I may be slightly biased, but Buenos Aires really is an incredible city. Whether you enjoy music, dancing, architecture, art galleries, history museums, street art, food markets, craft markets, antiques, wining, dining, cocktails bars, night clubs or laid-back leafy squares, this city really does have something for everyone. If you’re planning to spend a night or two here, you might like to take a look at our most Recommended Hotels in Buenos Aires.
On arrival (here’s some more information on Buenos Aires’ Airports) we really do suggest taking a guided tour, whether it be a “sit in bus” style tour, a walking tour or a cycling tour. These are great ways to orientate yourself in the city, learn a bit of background history and culture and get some insider tips from a local “Porteño”. You will visit locations such as the 80m Obelisc that stands proud in the middle of the enormous Avenida 9 de Julio, the Government Palace locally known as the “Pink Palace”, the Recoleta Cemetery where Evita was finally laid to rest and the artistic, tango neighbourhood of La Boca.
Once you’ve visited the must sees of this sensational city, here are some of my top recommendations of how to spend and free time you might have.
- Avenida de Mayo – Walk the Avenida de Mayo from the Casa Rosada until the Plaza de Congreso stopping on the way to poke your head into or stop for a coffee in the Café Tortoni (825) a great way to get a feel for what Buenos Aires would have been like in the early 1900’s.
- Teatro Colon (Opera House) – This world famous building sits proudly on the very wide Avenida 9 de Juilo. The inside is breathtaking and a tour not only takes you into the auditorium and many rooms of the Opera House but gives you a great overview of the history of Buenos Aires at the time it was built. Tours in English on the hour, every hour lasting 50 mins from 09:00 – 19:00 – ARG$130. (The entrance is on the left hand side of the building on Tucuman).
- San Telmo neighbourhood and its cafés – San Telmo is where the aging and young bohemians of Buenos Aires hang out. Traditionally where the upper classes lived until 1871 when a yellow fever out break drove them out. Nowadays you can still see some of the traditional 1800`s architecture, antique shops and sometimes tango in its square. There are also some great cafes – La Poesia – Chile/Bolivar & El Federal – Peru/Carlos Calvo; Plaza Dorrego for people watching, some handicrafts and maybe some tango.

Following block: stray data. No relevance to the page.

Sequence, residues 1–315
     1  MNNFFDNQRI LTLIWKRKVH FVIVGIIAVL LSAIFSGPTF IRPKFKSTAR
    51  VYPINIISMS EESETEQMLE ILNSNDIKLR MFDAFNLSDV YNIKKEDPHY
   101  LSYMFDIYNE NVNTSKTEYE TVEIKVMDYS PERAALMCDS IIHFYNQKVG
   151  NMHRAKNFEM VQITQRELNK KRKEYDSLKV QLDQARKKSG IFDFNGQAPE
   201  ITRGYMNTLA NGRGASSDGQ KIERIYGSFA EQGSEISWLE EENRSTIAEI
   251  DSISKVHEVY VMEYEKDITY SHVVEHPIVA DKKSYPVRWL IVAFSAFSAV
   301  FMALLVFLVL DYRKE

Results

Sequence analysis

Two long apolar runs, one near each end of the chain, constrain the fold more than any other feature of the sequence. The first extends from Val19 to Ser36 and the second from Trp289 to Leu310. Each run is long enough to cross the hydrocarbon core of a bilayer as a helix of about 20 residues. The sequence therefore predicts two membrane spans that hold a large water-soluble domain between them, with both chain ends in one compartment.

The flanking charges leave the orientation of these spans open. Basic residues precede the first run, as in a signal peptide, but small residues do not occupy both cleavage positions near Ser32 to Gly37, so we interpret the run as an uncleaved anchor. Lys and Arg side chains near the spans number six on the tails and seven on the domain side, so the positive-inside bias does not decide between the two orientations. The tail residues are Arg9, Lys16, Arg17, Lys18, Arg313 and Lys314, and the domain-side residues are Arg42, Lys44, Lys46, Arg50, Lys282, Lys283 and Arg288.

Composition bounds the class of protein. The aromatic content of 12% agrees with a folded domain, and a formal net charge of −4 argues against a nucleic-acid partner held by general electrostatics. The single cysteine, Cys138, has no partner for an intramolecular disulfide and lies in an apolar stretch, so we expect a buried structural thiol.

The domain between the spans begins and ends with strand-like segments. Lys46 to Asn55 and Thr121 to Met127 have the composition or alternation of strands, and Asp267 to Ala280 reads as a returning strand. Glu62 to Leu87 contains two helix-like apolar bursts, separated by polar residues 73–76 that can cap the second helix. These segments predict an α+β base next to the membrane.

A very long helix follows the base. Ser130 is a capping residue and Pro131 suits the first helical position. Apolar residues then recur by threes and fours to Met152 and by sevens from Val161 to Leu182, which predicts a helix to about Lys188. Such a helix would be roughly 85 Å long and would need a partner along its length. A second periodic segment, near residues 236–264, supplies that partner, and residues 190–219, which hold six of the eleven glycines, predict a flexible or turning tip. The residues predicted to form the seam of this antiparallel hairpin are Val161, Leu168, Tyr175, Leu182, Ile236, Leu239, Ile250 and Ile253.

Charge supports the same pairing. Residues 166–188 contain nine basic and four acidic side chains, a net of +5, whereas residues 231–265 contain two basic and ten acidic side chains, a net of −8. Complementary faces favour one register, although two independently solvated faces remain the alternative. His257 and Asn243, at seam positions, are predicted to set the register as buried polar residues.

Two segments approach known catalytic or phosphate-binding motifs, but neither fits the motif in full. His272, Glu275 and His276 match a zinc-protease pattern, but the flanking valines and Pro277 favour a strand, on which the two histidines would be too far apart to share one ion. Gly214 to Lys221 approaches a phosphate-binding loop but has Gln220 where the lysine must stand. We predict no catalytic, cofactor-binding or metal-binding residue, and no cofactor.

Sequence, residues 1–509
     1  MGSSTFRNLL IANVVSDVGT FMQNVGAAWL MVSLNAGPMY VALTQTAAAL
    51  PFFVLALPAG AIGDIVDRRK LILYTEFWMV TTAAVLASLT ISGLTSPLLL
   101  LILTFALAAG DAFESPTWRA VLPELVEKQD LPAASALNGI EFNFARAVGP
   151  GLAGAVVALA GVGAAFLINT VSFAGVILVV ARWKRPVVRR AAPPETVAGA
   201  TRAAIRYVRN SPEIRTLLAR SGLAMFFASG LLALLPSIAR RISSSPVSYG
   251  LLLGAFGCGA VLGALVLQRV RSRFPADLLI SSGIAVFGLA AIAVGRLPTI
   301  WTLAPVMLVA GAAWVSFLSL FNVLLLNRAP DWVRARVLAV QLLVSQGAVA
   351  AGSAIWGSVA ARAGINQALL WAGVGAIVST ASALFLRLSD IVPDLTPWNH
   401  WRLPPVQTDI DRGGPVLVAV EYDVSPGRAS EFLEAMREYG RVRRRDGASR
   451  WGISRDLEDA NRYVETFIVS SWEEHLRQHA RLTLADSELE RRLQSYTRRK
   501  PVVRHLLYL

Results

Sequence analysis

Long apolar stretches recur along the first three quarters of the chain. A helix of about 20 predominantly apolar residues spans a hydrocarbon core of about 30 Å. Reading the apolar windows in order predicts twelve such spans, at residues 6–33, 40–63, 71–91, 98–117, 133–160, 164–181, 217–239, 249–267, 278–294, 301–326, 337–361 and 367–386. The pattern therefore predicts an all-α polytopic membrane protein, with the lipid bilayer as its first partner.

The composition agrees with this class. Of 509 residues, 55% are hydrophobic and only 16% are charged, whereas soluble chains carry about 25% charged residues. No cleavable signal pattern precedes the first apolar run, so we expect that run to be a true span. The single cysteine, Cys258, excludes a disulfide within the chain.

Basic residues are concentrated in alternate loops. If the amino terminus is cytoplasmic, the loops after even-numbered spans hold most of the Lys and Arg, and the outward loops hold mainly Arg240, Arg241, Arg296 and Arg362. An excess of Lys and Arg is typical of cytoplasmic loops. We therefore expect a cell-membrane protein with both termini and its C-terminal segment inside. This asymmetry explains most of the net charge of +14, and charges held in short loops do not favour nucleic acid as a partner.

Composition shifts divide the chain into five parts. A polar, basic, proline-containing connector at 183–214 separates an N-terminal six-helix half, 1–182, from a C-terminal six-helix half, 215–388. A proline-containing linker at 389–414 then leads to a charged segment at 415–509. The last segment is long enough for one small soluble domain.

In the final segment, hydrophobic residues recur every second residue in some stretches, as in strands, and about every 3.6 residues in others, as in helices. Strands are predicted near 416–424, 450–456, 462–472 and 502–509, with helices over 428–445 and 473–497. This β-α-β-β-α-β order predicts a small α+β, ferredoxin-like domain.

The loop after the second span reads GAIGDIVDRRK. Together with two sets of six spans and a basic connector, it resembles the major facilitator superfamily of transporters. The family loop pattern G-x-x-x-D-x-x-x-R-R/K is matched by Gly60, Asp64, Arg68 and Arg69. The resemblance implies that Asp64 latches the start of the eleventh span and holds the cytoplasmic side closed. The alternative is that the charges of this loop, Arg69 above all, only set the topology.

- Train Lovers…..
- Metro Line C – for metro lovers, the stations along these lines have some fantastic mosaics.
- Retiro Station – a grand old station with its tea rooms still running.
5. Ecological Reserve – beyond Puerto Madero you find the extensive Ecological reserve which is quite good for bird spotting and escaping the hustle and bustle of the city. Take a pic-nic, plenty of water and watch the ships as they sail in and out of the River Plate.
6. Palermo neighbourhood – all within relative proximity to each other you can head to Palermo (take metro line D and get off at Plaza Italia) and visit:
- Museo Evita, Lafinur 2988; open 11 – 19, ARG$20.
- MALBA (Museum of Latin American Art), Avda. Figueroa Alcorta 3415; open12 – 20, ARG$45.
- Palermo parks.
- Around Plazoleta Cortazar – Palermo Soho and Palermo Viejo is where all the trendy young Porteños can be found, quirky clothes shops, some great street art and cafes.
7. Galerias Pacifico – a beautiful old shopping centre, on the busy (quite tacky) pedestrianized street Florida but with this one great highlight – –100% worth a look inside.
8. Puerto Madero – the newly developed dock yard is a great place for strolling and also has 2 old naval ships docked in docks 3 & 4 that you can visit. A wonderful place to come in the evening as it is well lit, safe and has plenty of restaurants.
Be safe and enjoy!
(Look out for Freddo`s Ice-cream shops – not to be missed!)
Are you visiting Santiago? Here are Sally’s tips on Things to do in Santiago